This reckless display of militarized police force during an understandably tense encounter only served to exacerbate an extraordinarily difficult situation. It should disgust us all. The police response in Ferguson, Mo., is reminiscent of what happened in the Deep South during the struggle for equality by blacks and progressive whites. All the Ferguson police are missing are the vicious attack dogs, fire hoses and Bull Connor.
White River Junction
A Worthy Sheriff Candidate
To the Editor:
On Sept. 9, Sullivan County voters will go to the polls and select a candidate for sheriff from among three choices. The sheriff’s department works in high pressure, emotional situations. They are the ones who serve and enforce divorce decrees, custody orders and eviction notices. They also participate in law enforcement special operations. Effective administration of those programs, and your tax money, requires that the sheriff know the county well.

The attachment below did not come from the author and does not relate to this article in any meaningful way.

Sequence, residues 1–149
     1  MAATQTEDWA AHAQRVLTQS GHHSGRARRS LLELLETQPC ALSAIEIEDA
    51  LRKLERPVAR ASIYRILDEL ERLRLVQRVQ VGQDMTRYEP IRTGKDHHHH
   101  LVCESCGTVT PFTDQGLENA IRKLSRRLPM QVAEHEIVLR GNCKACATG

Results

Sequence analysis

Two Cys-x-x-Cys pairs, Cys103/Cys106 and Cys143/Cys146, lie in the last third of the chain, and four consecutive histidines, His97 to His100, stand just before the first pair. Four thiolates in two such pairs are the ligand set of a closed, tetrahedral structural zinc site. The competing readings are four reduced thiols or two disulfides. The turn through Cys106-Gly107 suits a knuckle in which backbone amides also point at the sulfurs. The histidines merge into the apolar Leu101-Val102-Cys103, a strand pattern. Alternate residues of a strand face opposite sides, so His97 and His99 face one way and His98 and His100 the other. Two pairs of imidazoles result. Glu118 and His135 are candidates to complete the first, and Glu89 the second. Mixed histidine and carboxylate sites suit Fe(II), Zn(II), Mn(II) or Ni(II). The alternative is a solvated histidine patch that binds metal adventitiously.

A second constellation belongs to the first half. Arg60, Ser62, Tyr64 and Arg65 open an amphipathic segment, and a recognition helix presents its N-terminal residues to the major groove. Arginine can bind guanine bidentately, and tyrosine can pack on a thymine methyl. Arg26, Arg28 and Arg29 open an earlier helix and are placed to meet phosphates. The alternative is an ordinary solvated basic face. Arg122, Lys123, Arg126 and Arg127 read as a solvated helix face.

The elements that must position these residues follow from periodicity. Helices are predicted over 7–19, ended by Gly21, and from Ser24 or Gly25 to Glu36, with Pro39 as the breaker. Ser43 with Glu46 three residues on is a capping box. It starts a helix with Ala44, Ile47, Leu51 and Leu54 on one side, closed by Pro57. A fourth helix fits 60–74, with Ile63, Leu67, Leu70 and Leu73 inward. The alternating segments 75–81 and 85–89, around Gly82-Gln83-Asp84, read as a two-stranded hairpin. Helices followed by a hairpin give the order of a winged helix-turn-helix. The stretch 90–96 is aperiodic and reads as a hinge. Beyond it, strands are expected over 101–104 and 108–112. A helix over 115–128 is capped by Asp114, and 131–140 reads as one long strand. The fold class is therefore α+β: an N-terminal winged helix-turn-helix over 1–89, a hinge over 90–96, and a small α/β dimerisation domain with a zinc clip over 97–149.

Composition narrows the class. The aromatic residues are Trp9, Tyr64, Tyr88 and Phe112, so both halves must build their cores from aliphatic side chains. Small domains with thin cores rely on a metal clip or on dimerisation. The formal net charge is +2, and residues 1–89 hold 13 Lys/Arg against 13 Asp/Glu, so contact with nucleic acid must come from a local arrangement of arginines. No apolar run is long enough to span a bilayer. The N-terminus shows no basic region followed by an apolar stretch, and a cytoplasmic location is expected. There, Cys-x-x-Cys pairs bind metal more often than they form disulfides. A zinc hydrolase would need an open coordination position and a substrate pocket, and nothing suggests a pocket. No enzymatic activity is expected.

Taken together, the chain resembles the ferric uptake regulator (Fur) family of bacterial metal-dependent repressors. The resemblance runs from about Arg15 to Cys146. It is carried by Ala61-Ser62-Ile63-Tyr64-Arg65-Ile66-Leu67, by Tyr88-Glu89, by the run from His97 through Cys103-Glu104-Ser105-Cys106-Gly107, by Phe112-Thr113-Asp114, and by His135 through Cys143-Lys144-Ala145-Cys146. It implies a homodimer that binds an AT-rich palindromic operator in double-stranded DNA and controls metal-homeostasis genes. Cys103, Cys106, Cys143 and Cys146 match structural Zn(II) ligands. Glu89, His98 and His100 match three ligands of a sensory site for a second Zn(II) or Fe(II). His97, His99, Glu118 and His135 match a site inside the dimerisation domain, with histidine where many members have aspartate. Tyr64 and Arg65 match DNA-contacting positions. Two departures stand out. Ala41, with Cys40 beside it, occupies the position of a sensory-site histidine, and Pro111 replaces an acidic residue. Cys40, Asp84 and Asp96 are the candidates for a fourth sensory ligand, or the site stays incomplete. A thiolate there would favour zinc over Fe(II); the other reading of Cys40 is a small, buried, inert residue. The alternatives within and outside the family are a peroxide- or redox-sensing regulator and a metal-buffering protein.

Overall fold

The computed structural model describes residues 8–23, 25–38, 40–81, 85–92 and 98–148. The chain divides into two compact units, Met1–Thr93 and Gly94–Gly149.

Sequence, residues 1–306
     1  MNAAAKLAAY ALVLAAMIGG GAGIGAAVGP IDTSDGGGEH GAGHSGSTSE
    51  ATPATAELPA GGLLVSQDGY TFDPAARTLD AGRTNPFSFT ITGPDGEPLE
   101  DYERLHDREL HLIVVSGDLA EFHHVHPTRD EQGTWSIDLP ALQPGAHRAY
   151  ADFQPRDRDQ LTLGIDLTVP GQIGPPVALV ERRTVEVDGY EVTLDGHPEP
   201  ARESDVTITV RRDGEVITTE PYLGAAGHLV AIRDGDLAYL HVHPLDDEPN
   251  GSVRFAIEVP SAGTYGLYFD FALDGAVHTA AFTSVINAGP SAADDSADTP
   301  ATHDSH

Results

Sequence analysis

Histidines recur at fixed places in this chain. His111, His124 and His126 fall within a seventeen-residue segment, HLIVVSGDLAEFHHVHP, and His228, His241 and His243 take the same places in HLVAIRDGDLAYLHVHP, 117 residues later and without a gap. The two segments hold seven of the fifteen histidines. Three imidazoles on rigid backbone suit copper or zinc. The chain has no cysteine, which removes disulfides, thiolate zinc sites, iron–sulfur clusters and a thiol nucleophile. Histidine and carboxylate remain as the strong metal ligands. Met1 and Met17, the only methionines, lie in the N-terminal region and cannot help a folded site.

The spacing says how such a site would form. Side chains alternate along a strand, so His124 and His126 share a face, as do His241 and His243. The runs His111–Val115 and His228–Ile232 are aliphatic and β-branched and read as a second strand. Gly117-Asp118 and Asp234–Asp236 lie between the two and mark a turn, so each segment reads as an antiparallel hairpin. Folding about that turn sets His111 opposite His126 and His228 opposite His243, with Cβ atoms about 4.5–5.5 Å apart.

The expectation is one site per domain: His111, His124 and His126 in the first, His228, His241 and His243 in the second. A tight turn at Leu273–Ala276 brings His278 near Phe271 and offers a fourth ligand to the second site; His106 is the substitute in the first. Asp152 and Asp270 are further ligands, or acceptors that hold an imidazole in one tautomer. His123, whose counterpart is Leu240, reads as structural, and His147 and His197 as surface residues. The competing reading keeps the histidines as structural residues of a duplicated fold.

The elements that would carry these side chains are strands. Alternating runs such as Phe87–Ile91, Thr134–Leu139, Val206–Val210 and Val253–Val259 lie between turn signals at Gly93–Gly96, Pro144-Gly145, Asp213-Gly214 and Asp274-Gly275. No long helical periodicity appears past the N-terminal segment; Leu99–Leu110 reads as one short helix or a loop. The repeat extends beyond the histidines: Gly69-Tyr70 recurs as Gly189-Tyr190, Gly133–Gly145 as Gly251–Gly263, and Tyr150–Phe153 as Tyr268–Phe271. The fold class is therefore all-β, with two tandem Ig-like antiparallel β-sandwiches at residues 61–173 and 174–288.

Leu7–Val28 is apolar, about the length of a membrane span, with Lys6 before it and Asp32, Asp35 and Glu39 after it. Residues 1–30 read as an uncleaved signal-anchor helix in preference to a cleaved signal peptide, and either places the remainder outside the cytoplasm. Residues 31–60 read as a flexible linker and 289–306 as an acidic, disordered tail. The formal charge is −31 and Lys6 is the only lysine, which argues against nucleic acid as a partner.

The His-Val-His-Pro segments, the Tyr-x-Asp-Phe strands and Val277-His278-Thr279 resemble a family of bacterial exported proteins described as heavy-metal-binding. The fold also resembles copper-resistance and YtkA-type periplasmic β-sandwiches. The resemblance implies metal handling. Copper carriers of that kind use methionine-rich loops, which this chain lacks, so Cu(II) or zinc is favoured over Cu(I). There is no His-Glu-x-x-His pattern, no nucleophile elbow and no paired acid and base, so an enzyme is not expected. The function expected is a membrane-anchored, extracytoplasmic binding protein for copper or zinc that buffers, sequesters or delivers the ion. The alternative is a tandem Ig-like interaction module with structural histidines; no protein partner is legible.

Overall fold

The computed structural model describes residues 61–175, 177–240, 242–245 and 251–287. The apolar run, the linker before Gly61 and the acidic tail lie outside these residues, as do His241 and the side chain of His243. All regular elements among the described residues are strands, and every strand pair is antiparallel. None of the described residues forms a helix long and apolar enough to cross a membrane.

Because of the sensitive nature of the work, it is critical that we choose a candidate who knows Sullivan County intimately, and the special circumstances that we face here. One candidate has spent most of his life growing up, living and working in Sullivan County. Except for four years risking his life in the Marines defending you and me, Denis O’Sullivan has been in law enforcement right here where we live. Denis is uniquely qualified to strike that balance between enforcing the law and understanding the challenges that the citizens of Sullivan County face.